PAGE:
There was something otherworldly about it….
And yeah, it’s a bit of a geeky in-joke. :)
There was something otherworldly about it….
And yeah, it’s a bit of a geeky in-joke. :)
Long-time readers will recall that several net-decades ago I entered an audio of myself reading a 100-word story into one of Crap Mariner’s podcasting Weekly Challenges. (I think I actually won that week, too; very validatin’.)
Well, for no discernable reason, I have done it again! (At this rate, by the year 2100 I will have produced, well, several of these.)
In truthness, I think I mostly did this one because I was driving along somewhere and started talking to myself in funny voices since I was alone in the car (you do that, too, right?), and I remembered for some reason what the theme of the weekly challenge was, and a story sort of (what?) precipitated out.
Anyway, I kinda like it.
Go over and listen (or read), an’ vote for whoever you like. Or not. :)
These are still pretty much the only podcast I ever listen to. (And even these are kinda long, at over 30 minutes, since there are N stories all being read in the same podcast, for N small but greater than two.)
I don’t know if this has been All Over the Blogs yet or not (I’m so out of touch), but it certainly should have been. AFK, a novel by Huckleberry Hax, is a wonderful combination of noir PI novel, spot-on picture of at least some aspects of Second Life, and impressively insightful musings about virtual worlds and what we do in them and why. It’s also apparently a NaNoWriMo novel, which just goes to show how well some people’s creativity responds to pressure and/or the lack thereof! (It also means it’s nice an’ short.)
I could go on, but I won’t; you should just read it. It’s a free PDF download, and also available on atoms for RL money via print-on-demand (I’m gonna try to figure out if the author makes an actual profit from sales, and buy one if so). I don’t know anything at all (I don’t think) about Huckleberry Hax or his or her history, or this novel, or anything, so this weblog posting may be years late or embarassingly inappropriate or something, but I don’t care. I just had a great reading experience, and I wanna share… :)
Edit: yeah, “years late” is appropriate; turns out it appeared in 2007, but hey! The author has a post your comments post, where you can post your comments. So (assuming you read it and have comments), do that!
When I first came to Second Life, three years ago last Sunday, I was mostly intrigued by the idea that you could make things there, in this “virtual world” where the laws of physics would be perhaps kinder, and more mutable, than in the real world.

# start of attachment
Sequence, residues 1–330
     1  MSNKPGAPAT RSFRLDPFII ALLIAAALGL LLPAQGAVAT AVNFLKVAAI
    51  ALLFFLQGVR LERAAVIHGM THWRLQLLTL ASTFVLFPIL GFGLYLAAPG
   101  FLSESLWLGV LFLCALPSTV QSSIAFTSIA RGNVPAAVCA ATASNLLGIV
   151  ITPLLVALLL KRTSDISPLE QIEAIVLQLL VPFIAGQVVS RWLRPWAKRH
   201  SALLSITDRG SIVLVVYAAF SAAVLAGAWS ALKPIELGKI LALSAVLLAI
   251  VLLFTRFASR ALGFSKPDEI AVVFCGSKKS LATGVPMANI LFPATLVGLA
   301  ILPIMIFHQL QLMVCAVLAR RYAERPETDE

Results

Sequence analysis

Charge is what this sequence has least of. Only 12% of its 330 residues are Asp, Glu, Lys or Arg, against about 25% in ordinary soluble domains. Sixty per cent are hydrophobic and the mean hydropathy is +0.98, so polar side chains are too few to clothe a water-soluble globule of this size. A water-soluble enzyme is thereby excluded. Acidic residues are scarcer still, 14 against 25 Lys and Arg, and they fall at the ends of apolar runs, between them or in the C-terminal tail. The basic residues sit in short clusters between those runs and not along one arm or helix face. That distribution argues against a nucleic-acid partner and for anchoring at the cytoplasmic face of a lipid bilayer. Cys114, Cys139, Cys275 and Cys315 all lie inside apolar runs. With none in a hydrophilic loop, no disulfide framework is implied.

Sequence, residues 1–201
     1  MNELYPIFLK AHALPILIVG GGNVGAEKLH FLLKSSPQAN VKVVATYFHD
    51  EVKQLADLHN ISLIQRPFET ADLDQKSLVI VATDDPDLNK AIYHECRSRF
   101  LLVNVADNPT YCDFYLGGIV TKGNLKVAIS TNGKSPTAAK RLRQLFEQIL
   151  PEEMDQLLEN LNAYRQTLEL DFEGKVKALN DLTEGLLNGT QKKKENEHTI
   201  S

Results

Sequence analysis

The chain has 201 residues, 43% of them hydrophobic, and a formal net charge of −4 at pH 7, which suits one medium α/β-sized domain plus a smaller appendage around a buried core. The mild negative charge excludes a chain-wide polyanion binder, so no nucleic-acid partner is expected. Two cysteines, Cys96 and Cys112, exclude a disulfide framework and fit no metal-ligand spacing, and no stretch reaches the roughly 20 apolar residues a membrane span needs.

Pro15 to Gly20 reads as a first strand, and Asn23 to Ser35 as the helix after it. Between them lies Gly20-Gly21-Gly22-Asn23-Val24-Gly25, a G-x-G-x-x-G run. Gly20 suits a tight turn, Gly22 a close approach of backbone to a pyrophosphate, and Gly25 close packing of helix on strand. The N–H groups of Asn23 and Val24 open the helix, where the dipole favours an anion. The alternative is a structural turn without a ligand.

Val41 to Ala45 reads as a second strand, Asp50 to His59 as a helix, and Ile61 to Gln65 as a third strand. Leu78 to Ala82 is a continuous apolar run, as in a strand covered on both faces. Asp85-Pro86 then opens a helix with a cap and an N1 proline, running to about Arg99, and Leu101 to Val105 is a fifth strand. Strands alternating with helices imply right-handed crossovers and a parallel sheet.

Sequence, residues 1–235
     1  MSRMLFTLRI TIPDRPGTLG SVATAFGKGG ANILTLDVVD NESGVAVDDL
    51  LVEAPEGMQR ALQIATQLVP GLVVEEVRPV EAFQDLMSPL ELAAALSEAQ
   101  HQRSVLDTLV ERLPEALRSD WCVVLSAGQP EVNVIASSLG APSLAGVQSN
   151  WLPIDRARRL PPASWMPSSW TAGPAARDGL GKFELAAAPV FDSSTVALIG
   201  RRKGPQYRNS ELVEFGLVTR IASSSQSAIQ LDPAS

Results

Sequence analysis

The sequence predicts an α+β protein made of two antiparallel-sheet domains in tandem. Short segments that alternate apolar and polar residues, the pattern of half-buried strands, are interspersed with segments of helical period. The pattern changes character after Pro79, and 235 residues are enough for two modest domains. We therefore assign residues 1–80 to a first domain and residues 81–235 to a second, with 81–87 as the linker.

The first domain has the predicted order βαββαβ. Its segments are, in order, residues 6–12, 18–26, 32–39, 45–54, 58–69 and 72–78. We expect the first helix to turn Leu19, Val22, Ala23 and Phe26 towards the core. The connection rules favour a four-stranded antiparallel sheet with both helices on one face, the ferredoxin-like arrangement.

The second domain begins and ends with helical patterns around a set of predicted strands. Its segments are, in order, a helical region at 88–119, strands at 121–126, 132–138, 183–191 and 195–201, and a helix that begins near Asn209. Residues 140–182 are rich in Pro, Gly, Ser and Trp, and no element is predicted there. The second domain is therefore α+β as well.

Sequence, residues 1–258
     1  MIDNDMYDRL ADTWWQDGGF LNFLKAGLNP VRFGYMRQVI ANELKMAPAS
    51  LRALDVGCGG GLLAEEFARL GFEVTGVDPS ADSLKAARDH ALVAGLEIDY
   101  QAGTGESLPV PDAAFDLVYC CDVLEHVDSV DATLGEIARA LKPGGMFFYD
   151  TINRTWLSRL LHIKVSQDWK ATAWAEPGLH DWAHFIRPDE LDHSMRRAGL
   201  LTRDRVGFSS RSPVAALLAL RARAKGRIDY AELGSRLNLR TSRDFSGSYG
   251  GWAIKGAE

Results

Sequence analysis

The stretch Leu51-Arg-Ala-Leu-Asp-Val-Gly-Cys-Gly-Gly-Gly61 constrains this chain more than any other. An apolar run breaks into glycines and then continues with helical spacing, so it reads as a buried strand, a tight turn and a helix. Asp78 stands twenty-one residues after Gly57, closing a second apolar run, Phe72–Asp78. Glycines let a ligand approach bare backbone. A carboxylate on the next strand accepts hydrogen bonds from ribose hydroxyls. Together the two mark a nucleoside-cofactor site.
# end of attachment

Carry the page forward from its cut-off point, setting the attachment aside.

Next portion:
Although we all know that the difficulty of The First Hour Experience is one of the Big Problems with the platform today, I wasn’t a victim of it: I was hooked after about ninety seconds. A whole, and apparently pretty large and complex and random, world to explore, without having to drive anywhere or get dressed or even get out of bed! And (see above) where anyone could just stick out a hand and build random things! Amazing!
For awhile I and/or it was crashing so much (you kids don’t know how easy you’ve got it these days!) that I wasn’t sure I was going to be able to stand it, but it and I got used to each other, and I stuck around.
It’s been a fascinating three years. As I say probably far too often, I came for the building and scripting and stuff, but stayed for the people. I still love the building and scripting, but I’m pretty sure that I spend less time on that than I do on talking to friends, dancing in clubs, meeting new people, and generally hanging out.
There is for obscure reasons a tradition in some subcultures of Second Life, that involves leaping naked from the sky, holding an umbrella, on one’s rezday.
So there I am, again ‘way up in the virtual sky, on a slightly more sophisticated virtual sky platform (my floating rocks build, which is still up there over the Hughes Rise park), with my virtual umbrella, pondering the drop.
This would be a good place for Deep and Significant Thoughts about Second Life, virtual worlds, the real world, the nature of consciousness, and so on. If any thoughts like that come to me while I’m typing here, I’ll try to pass them along. :)
Being Dale has, I’m about 100% certain, been a good thing for me. And continues to be. Different people have very different attitudes toward, relationships with, their virtual selves. For me it’s pretty simple: I am Dale Innis. Saying that I identify with my avatar is as much of an understatement (and an overstatement) as saying that I identify with my RL body. (Much more on that thought here.) My Second Life friends are friends of mine, just like my First Life friends are friends of mine. I don’t necessarily know where my SL friends live in RL, or what they do for a living, or whether they are married or have children; but since I can’t remember that sort of fact about my RL friends for more than five minutes either :) that’s not a very large consideration for me. The main difference, really, is that it’s so much easier to visit the SL ones.
(Yes, completely naked; don’t complain to me, that’s the tradition.)
I continue to think, as I said all those years ago, that when we eventually look back on these very early days of virtual worlds, we will see it as the beginning of a huge and important change in the ways humans live their lives. Exactly what that change will be, I don’t pretend to know. I used fiction to speculate about it some back in Meaties; I like that story quite a bit (he said modestly), and it’s one possible answer to that question. It might even be something like the right one; time will tell.
Lots of people that I know in SL, and even more people that I know of, have been talking lately about the Good Old Days of Second Life, and how it’s going downhill, and the best parts are over, due to some combination of floods of newcomers and ‘bots, bad media reporting, stupid and/or malicious actions by Linden Lab, drama and trollishness, personal burnout, and whatever else.